Drake Vs. Lil Wayne Is the Softest Show of Life

Each year, Big Ghost Ltd, as "Ghostface Killah" does the world a great service by creating a well-crafted and deeply contemplated list documenting the "10 Softest Niggas (or Rappers) in the Game." This July, the sixth annual hit the interwebs. Drake naturally made number three in 2014 and number two in 2013. That year, he described Drizzy as: "Drake aka the Patron Saint of Tenderness aka the Human Glee Episode aka The Inventor of the Audio Scrunchie aka the Merchant of Cuddles otherwise known as The Wizard of Pause." In 2011, Drake scored spots one, two, and three on the list. This is why the internet doesn't suck.

I had already read a review of Drake Vs Lil Wayne before attending the bromantic rappers' show Wednesday night at Cruzan Amphitheatre in West Palm Beach. So I knew what was coming, like word for word. The two throw jabs at each other, soft-ass insults, and sometime during the middle, the audience votes for one or the other to win the battle through an app. Lil Wayne rightfully won this show. But it's probably rigged, because the crowd cheered more for Drizzy.

I'll talk about that more later, but first, I want to address the idea of softness in hip-hop and explore the way that softness was exemplified by these YMCMB superstars.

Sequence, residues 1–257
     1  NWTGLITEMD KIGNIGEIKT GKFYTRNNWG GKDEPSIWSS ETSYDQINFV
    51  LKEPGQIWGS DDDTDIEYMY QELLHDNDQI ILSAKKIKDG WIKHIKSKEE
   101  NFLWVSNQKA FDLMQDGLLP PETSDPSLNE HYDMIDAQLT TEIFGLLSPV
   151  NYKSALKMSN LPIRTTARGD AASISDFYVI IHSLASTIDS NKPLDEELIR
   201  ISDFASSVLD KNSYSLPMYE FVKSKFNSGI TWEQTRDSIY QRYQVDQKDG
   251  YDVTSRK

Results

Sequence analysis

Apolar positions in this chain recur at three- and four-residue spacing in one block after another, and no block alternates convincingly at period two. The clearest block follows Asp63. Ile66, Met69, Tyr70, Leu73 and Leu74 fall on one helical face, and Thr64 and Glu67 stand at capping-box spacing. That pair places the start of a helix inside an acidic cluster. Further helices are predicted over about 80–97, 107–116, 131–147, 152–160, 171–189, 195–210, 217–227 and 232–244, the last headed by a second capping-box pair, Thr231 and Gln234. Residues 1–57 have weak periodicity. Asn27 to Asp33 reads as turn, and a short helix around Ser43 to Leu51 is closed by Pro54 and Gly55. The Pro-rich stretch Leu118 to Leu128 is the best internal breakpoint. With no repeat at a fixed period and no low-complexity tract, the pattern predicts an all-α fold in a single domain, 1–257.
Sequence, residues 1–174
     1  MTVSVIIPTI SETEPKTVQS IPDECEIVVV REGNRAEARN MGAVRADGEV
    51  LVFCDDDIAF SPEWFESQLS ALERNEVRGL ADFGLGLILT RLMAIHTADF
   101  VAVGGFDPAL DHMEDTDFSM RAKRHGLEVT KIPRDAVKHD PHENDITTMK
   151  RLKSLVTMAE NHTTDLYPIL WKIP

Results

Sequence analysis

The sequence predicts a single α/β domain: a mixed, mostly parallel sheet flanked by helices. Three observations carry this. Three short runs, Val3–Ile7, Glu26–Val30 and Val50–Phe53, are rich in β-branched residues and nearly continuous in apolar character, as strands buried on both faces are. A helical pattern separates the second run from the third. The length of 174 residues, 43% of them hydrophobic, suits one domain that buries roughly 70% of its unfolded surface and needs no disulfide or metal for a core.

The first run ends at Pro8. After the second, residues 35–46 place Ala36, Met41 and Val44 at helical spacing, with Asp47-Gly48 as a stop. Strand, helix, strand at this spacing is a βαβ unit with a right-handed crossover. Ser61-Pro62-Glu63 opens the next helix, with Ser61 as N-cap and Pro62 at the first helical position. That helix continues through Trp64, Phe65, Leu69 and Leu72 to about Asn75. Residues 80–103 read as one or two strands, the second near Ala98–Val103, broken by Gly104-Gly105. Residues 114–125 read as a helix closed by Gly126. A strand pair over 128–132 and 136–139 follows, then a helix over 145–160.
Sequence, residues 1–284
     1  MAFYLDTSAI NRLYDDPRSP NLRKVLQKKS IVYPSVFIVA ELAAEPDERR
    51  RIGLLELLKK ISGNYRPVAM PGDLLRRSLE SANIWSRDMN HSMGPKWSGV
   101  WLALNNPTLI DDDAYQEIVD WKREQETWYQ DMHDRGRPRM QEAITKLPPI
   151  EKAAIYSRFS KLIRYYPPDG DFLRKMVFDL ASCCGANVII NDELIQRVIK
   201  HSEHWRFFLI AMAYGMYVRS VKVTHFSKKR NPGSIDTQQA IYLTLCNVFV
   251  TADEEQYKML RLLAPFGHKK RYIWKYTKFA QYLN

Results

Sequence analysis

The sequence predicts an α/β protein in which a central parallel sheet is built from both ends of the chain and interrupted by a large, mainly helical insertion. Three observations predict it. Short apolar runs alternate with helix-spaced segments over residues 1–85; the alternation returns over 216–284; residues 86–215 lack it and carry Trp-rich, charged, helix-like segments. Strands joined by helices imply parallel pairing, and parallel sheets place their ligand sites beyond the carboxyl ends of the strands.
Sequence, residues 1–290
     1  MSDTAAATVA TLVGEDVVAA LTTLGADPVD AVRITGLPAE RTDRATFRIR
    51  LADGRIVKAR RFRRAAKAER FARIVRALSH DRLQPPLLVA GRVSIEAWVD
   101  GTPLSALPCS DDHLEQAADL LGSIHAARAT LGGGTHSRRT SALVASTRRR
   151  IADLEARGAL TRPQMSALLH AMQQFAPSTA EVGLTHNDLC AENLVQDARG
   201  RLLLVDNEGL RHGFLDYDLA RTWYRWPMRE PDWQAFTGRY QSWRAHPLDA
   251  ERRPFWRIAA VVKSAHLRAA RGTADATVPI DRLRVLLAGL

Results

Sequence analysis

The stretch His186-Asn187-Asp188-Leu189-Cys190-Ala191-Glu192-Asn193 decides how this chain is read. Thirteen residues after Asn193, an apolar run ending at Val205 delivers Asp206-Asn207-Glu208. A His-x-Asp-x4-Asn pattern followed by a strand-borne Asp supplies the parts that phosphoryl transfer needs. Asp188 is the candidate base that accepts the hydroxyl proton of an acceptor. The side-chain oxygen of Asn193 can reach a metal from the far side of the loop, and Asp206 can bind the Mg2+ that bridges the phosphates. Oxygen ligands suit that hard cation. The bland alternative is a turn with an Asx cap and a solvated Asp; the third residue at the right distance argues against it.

See also: Drake Vs. Lil Wayne at Cruzan Amphitheater in West Palm Beach

KEEP NEW TIMES BROWARD-PALM BEACH FREE... Since we started New Times Broward-Palm Beach, it has been defined as the free, independent voice of South Florida, and we'd like to keep it that way. With local media under siege, it's more important than ever for us to rally support behind funding our local journalism. You can help by participating in our "I Support" program, allowing us to keep offering readers access to our incisive coverage of local news, food and culture with no paywalls.
Liz has her master’s degree in religion from Florida State University. She has since written for publications and outlets such as Miami New Times, Rolling Stone, Pitchfork, Ocean Drive, the Huffington Post, NBC Miami, Time Out Miami, Insomniac, the Daily Dot, and the Atlantic. Liz spent three years as New Times Broward-Palm Beach’s music editor, was the weekend news editor at Inverse, and is currently the managing editor at Tom Tom Magazine.
Contact: Liz Tracy